The Hipster and the Harridan Queen
Wallet-chain-and-sideburn types looking for country-fried cred tend to forget that Loretta Lynn played the designation "First Lady of Country Music" for keeps: No president's wife in our lifetime had such queenly style. The onetime honky-tonk girl parlayed her early, dirty Decca Records success into a run of sensational hits that shrewdly deep-sixed the martyrly baby-come-back style of the period's country female singing. No, it was upside-your-head all the way for the girl from Butcher Hollow; the message was a flinty determination (I'm raisin' these kids right no matter what) mixed with unheard-of disgust at the Better Half's boozing, whoring, and La-Z-Boy attitude (I bet you couldn't stand up right now if you wanted to) that gave female country fans something they'd never had before. And a generation of wannabes followed Mrs. Lynn all the way to the bank.
It's somewhere in the early Conway Twitty era that things start getting...regal. Grandiloquent. Lynn's gowns get longer still, and then seem to need castrati to hold up the train. Though some of the duets are masterly--re-listen to the rawness of the ache on "As Soon as I Hang Up the Phone"--the sassy firebrand exits and the Establishment icon arrives. How quickly we forget, in our search for the authenticity of old-school, that those deadbeat dads and limp-dick drunkos came back to haunt Mrs. Lynn like a Freudian return of the repressed, by way of the outlaw movement that reanimated country in the late '70s, spurred on by the darker side of Merle Haggard and the county-jail-shithouse scuzz of David Allan Coe. Spiritually toxic and proud, these males' output plays like a long rant on a squad-car hood during the application of the cuffs. These fucked-up guys sure hated Nashville, but it doesn't take a master shrink to see that their greatest rage was against the--literal and figurative--Queen.
The outlaw skein is largely the one fetishized by American hipsters who dabble in country. It climaxed in a double act of baptism: the hip-hop kingpin Rick Rubin's rescue of Johnny Cash from the valley of the damned (and himself from obsolescence). Rubin's four spare, elegant American Recordings of Cash stand now as a testament--a diplomatic mission from what Greil Marcus calls "the old, weird America" in a very fallen world. Mourning the absence of Cash, the hipoisie is currently hunting for more realness to engulf and devour. And they seem to have found realness at Loretta Lynn's dude ranch in Hurricane Falls, Tennessee.
Lynn's new album Van Lear Rose (Interscope) has been so thoroughly and wide-reachingly drizzled in hipster sauce it might as well be renamed Von Dutch Rose. If the album's producer--that famous mystic, self-mythologizer, and white-soul testifier Jack White--were more of a gentleman than he is, he would have made a record that Loretta's country fans could enjoy, too. One can only imagine the puzzled looks when sixtyish fans of "You're the Reason Our Kids Are Ugly" hit play and discover a mix of overloud guitars and claustral, basementy boxiness that resembles a deep-battered Exile on Main Street.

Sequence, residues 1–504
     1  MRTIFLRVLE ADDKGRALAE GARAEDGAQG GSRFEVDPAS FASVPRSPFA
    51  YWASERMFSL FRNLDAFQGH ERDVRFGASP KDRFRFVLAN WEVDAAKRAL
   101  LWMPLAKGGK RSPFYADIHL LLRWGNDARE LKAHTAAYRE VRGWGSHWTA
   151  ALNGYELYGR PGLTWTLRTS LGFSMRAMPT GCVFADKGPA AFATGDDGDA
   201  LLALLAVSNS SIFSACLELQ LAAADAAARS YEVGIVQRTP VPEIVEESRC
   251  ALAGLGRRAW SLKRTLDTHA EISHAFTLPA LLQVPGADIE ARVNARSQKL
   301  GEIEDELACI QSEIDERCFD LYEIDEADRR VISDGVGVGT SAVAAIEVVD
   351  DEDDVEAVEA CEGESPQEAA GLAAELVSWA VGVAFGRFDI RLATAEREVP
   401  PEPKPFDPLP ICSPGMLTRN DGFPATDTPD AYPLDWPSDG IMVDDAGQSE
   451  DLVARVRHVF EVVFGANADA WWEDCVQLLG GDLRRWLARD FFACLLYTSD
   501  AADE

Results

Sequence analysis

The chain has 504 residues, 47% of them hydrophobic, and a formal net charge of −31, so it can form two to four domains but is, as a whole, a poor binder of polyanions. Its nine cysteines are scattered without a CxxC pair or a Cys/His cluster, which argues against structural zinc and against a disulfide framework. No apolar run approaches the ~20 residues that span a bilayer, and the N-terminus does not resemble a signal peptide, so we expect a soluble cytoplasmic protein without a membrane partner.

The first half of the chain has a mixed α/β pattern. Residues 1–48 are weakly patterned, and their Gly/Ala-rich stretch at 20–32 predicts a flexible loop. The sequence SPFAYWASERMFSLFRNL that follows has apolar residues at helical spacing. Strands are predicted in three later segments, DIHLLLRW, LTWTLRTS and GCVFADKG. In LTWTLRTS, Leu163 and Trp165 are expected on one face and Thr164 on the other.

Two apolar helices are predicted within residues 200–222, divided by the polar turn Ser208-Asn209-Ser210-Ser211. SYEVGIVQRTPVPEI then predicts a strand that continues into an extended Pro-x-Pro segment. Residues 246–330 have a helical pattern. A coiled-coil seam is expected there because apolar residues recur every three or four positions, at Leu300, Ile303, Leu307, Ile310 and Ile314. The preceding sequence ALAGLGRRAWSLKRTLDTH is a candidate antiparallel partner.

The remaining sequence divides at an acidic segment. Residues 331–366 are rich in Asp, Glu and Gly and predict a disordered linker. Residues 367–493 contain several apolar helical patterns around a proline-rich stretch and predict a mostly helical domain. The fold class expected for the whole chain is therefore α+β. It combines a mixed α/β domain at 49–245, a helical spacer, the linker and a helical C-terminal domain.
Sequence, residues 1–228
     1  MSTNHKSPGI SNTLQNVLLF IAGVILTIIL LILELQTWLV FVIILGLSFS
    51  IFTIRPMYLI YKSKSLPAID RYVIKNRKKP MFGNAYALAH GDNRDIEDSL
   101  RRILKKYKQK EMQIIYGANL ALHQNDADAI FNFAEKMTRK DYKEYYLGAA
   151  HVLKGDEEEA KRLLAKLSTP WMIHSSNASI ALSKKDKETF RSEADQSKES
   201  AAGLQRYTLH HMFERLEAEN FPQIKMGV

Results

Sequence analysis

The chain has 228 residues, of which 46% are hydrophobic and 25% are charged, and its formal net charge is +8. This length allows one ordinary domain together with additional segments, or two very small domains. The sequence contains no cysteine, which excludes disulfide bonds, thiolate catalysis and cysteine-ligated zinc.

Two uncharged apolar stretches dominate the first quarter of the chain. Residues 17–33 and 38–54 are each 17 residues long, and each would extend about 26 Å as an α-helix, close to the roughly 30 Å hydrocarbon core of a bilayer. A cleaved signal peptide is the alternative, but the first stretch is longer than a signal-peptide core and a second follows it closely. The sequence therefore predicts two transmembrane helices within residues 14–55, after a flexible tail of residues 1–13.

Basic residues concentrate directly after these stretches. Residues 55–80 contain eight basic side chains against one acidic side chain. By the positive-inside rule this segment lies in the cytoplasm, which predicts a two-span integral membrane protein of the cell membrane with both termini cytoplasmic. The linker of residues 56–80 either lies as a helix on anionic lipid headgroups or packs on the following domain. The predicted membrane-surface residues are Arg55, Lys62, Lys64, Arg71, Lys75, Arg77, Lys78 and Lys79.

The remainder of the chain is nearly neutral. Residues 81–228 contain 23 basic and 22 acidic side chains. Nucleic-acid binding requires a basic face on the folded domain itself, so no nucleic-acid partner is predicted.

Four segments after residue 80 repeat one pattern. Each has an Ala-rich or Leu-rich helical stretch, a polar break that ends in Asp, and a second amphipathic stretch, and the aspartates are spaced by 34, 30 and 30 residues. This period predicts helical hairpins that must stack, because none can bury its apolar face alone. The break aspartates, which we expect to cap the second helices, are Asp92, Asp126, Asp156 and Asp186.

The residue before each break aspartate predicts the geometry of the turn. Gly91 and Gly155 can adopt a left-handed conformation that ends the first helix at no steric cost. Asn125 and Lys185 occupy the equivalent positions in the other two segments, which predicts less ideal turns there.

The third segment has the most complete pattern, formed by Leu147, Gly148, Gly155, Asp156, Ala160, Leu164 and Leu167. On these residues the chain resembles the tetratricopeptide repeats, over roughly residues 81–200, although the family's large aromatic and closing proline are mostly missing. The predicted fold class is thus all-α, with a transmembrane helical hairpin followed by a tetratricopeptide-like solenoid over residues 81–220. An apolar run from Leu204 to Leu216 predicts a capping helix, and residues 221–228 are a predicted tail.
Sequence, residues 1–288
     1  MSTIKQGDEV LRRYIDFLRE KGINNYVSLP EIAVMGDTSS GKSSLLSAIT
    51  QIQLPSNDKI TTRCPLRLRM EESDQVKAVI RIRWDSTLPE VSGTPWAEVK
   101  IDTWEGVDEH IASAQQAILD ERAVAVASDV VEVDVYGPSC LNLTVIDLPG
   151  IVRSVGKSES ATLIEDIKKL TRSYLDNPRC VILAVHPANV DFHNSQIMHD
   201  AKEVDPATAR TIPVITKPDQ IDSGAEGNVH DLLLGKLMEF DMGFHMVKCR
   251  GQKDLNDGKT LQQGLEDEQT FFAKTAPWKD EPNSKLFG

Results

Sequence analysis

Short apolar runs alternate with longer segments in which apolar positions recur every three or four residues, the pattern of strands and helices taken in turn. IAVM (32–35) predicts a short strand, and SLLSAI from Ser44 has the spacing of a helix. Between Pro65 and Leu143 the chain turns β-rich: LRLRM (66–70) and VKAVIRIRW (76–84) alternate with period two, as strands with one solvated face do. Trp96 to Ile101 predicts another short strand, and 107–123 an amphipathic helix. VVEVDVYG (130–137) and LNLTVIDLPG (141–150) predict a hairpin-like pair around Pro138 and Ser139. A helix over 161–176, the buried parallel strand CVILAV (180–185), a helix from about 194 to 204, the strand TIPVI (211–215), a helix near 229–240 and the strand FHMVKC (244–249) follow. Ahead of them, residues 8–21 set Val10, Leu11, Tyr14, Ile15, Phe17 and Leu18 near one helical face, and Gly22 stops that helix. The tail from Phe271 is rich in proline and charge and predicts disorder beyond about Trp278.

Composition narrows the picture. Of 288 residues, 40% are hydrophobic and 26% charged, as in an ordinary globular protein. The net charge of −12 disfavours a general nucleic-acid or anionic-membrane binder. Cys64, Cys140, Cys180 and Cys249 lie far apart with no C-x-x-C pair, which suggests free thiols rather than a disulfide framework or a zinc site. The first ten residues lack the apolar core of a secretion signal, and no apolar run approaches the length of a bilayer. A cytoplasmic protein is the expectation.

Loretta Lynn's voice--which stretches only from a babyish burble to a tantrummy long wail, notable more for its unguarded emotion than its strength or suspension--is well served by the smooth, embossed surfaces of old-school Nashville production. A classic Lynn song takes a melodramatic situation and nails it in place with a single, gimmicky yet haunting image; the vocal delivery system adds a sprinkle of sardonic, hardnosed humor to a lavalike outpouring of rage or grief. For that alchemy to work, the unpolished girl from Kentucky must, still, be the Queen. Cash could be regal in Rick Rubin's ruins, but Mrs. Lynn cannot be royal in Jack White's basement. Surrounded by alien and inapt garage-band trappings, she comes to seem poignantly, unselfconsciously kitschy, like Tony Bennett trotted out in the '90s for kids who wished they'd lived in a time when men wore aftershave.
Jack White's would-be-gutbucket style works with the neo-honkytonk style of Lynn's "Have Mercy," a simple return-to-roots number; White backs off the grime in the classically constructed "Trouble on the Line;" and to be fair, Lynn's duet with White, "Portland Oregon," succeeds powerfully--on his terms. But what is the producer doing when he lays down three minutes of Lee Ranaldo fuzz as a stream-of-consciousness Mrs. Lynn rambles on about a childhood illness, as if entering a second childhood? (Did White consciously emulate the effect of Loretta-like Ronee Blakley's public meltdown in Nashville?) In the liner notes, Lynn remarks of the producer-arranger, "I can see a little of Owen Bradley in that young man!" Was she referring to her notorious scuffle with Bradley over his "Loretta-izing" production of "I Remember Patsy"--a secret signal that Lynn, too, is aware White was trying to turn her into a footnote to himself?
Those looking for a many-sided portrait of the Ages of Loretta should check out the 1994 multidisc set Honky Tonk Girl. Van Lear Rose is music for those aspiring to, and failing to reach, the condition of the post-ironic.
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